Directed Self-Assembly Gains Momentum

Doubts remain about how successful the technology will become, and vendors are reluctant to talk about it, but there’s no doubt it’s picking up steam. Just how disruptive will this technology become?

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At last year’s SPIE Advanced Lithography symposium, directed self-assembly (DSA) grabbed the spotlight as chipmakers provided the first glimpse of their initial work and results with the technology.

The results were stunning, thereby propelling DSA from a curiosity item to a possible patterning solution for next-generation devices. Last year, in fact, GlobalFoundries, IBM, Intel and Samsung demonstrated test chips using DSA, a complementary and disruptive patterning technology that enables fine pitches through the use of self-assembling block copolymers.

At this year’s SPIE event, however, it was a different story. The event featured a plethora of DSA papers, but IBM was the only chipmaker that talked about test chips. GlobalFoundries and Intel gave papers, although the presentations had little to do with DSA-enabled chips. And Samsung inexplicably canceled its anticipated paper on DSA at the last minute.

So, is the industry giving up on DSA? No. DSA is making remarkable progress and is gaining momentum in the market. At SPIE, for example, Intel and others formed a new DSA consortium. In addition, GlobalFoundries, IBM, Samsung and TSMC are still working on DSA in R&D, but vendors are keeping their cards close to the vest.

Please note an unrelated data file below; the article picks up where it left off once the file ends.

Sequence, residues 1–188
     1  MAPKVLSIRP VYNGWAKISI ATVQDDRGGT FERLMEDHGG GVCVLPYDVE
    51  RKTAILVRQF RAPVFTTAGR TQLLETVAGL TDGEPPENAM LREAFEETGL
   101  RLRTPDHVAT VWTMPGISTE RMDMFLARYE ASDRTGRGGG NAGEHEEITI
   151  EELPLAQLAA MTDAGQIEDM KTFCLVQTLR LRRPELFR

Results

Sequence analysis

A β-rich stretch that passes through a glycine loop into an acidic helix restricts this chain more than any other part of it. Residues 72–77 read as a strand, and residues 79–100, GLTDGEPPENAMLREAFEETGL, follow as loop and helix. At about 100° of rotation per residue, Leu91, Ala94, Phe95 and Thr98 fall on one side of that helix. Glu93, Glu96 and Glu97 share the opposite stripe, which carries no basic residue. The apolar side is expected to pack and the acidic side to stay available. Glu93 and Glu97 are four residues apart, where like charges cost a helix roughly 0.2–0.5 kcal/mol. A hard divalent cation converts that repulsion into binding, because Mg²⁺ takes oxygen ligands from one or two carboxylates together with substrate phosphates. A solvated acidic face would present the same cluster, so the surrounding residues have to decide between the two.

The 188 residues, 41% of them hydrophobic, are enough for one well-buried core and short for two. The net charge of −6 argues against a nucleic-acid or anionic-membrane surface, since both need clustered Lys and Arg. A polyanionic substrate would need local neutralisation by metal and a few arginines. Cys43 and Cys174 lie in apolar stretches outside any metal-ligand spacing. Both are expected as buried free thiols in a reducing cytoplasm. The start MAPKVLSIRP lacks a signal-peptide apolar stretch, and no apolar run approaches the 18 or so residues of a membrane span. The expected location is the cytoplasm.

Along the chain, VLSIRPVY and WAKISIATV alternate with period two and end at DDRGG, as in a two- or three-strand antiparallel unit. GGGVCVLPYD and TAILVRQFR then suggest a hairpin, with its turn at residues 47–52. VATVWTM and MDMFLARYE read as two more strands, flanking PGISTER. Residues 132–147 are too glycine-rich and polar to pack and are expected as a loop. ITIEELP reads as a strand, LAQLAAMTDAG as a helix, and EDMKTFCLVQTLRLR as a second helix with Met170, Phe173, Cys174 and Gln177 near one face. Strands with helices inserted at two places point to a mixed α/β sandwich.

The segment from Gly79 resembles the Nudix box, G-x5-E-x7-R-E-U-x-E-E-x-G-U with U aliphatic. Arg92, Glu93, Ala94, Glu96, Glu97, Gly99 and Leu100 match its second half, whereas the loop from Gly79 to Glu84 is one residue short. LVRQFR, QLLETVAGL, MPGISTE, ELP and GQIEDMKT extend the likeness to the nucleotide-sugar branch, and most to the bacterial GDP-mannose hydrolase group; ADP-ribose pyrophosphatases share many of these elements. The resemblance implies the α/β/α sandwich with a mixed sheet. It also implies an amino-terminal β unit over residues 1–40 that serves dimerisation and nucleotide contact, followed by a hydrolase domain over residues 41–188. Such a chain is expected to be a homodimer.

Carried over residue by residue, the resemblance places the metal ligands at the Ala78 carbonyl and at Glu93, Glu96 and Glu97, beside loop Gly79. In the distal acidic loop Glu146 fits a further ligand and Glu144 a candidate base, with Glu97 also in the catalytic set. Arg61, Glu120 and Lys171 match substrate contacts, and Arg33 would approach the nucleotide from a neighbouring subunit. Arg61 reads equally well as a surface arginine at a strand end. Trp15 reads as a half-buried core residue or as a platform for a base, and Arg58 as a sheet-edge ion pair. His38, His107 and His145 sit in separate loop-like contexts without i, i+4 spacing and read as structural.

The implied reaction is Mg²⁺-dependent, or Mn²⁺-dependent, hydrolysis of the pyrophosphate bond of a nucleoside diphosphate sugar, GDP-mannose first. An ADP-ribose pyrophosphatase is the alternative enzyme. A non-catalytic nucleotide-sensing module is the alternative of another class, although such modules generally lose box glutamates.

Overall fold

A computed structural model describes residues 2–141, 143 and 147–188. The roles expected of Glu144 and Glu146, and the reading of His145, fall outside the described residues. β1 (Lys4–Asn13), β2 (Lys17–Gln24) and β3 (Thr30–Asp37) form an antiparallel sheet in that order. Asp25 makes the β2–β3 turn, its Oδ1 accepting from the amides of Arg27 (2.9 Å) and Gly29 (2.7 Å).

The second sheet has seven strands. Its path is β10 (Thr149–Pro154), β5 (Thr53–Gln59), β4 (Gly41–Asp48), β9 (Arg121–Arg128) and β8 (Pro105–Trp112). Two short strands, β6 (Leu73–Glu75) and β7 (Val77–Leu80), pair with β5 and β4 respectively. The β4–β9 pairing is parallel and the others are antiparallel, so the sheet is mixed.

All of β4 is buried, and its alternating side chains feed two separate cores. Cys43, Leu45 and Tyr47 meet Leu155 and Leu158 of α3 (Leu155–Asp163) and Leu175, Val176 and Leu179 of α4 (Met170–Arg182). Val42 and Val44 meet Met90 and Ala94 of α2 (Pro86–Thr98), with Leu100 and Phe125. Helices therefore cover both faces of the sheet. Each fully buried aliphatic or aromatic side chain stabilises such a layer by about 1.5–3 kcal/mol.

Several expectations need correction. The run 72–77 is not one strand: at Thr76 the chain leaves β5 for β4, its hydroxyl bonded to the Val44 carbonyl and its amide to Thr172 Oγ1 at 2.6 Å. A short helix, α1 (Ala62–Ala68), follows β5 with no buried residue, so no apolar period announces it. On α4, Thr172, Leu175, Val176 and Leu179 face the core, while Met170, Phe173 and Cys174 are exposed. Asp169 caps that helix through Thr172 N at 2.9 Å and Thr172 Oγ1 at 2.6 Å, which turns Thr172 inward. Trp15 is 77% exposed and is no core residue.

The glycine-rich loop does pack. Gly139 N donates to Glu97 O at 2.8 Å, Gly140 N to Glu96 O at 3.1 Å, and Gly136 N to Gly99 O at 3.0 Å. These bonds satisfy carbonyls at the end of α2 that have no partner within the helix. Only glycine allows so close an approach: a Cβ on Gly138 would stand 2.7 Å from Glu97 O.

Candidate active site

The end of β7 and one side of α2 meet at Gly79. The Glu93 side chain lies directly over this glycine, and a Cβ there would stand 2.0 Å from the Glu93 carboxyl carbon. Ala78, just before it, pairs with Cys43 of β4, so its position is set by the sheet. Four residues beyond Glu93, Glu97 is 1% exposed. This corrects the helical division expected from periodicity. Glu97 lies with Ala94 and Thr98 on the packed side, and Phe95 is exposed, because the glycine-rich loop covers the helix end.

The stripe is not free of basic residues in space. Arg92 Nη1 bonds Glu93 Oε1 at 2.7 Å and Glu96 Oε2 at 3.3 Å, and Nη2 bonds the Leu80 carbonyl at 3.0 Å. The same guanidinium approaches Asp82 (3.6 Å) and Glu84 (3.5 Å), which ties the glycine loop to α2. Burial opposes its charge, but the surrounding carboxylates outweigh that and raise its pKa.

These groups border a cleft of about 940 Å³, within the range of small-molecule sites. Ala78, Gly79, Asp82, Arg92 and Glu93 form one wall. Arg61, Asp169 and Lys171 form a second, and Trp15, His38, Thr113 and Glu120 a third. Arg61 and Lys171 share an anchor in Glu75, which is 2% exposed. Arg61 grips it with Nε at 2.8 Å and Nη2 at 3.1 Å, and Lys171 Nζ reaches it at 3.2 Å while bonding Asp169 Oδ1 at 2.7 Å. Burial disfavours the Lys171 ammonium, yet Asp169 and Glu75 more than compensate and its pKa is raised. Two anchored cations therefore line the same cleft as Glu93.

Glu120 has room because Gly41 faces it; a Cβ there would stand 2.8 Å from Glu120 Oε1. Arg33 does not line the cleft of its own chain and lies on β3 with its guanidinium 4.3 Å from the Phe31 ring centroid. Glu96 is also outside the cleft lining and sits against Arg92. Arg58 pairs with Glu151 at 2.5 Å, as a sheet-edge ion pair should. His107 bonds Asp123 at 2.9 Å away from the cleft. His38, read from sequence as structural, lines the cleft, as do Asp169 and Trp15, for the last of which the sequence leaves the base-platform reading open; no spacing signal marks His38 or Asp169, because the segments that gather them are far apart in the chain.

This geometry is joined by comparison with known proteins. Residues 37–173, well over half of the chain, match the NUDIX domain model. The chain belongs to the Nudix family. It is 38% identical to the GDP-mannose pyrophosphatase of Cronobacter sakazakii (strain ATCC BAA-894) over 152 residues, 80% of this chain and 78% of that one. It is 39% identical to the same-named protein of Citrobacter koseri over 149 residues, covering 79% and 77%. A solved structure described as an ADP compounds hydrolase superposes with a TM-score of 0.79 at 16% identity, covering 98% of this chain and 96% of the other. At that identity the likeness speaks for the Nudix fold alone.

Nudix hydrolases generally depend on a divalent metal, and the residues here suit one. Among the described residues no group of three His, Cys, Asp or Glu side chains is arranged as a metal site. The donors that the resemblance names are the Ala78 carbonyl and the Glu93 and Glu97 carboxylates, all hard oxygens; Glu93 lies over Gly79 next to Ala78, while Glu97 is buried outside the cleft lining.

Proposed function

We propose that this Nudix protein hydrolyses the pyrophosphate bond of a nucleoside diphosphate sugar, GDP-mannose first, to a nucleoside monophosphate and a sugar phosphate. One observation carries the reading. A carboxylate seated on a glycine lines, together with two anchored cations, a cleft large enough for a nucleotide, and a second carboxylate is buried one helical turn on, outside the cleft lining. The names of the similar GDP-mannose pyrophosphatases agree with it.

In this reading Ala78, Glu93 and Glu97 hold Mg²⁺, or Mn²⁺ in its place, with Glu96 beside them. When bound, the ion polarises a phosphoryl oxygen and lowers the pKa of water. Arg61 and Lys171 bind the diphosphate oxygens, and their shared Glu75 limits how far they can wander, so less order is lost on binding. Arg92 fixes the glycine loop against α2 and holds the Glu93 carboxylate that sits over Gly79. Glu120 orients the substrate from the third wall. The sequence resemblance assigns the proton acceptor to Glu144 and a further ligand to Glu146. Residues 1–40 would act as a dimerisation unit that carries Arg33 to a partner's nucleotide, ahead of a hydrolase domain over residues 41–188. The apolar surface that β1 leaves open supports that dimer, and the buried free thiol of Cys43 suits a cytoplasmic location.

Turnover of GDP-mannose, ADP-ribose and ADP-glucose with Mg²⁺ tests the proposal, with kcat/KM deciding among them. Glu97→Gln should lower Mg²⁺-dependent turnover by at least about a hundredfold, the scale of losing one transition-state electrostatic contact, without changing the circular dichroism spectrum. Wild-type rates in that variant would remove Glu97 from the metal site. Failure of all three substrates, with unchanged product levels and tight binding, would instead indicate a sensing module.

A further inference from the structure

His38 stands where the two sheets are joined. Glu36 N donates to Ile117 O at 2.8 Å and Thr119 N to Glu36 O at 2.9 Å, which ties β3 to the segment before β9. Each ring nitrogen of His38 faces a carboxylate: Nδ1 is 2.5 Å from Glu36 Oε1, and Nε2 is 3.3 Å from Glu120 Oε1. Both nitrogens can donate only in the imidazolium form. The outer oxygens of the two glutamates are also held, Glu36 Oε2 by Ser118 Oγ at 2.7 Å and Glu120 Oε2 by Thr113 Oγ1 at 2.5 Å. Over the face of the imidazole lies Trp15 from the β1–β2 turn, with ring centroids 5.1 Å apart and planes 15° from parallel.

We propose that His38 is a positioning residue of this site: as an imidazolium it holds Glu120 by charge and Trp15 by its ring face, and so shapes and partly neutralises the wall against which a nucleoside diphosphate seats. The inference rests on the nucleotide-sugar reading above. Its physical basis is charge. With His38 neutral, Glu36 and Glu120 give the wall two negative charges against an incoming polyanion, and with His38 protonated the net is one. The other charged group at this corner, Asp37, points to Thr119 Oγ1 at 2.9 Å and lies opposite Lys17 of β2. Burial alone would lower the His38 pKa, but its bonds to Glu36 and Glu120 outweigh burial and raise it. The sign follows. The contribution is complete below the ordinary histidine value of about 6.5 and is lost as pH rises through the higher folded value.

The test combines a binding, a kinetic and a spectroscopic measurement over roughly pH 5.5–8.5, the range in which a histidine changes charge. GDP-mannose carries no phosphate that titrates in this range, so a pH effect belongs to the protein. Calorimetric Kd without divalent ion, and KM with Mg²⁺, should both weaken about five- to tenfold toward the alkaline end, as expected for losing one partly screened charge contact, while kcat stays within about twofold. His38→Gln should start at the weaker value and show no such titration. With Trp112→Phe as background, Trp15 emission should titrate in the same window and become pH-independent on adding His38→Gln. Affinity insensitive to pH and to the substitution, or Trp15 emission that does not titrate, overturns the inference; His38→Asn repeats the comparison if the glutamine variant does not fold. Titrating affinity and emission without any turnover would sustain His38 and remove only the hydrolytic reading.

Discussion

Still, the consensus among chipmakers is that DSA could be ready for high-volume manufacturing at 7nm or 5nm. “Intel is talking about an introduction at the 5nm node. I have the feeling that the memory people could introduce it sooner, maybe in 2015 to 2016,” said Serge Tedesco, lithography program manager at CEA-Leti, which is also part of the new DSA consortium with Intel.

As before, the industry is still getting its arms around the problems with DSA. There are still questions about defects, integration schemes and the design infrastructure. And until the problems are solved, risk-adverse chipmakers are reluctant to put DSA into production.

“People are getting more serious about DSA,” said Akihisa Sekiguchi, corporate vice president and deputy general manager of Tokyo Electron Ltd. (TEL), one of the key suppliers of track and other equipment for DSA production. “DSA is still something for the future. It is still not at a point where people are comfortable in plugging it into manufacturing. However, it’s a serious contender. And there are enough people with enough clout to make it happen.”

But DSA does face some stiff competition. It’s just one of several and competing multiple patterning schemes for 10nm and beyond. The other candidates include the traditional multiple exposure schemes. The new kid on the block is self-aligned double patterning (SADP) and self-aligned quadruple patterning (SAQP).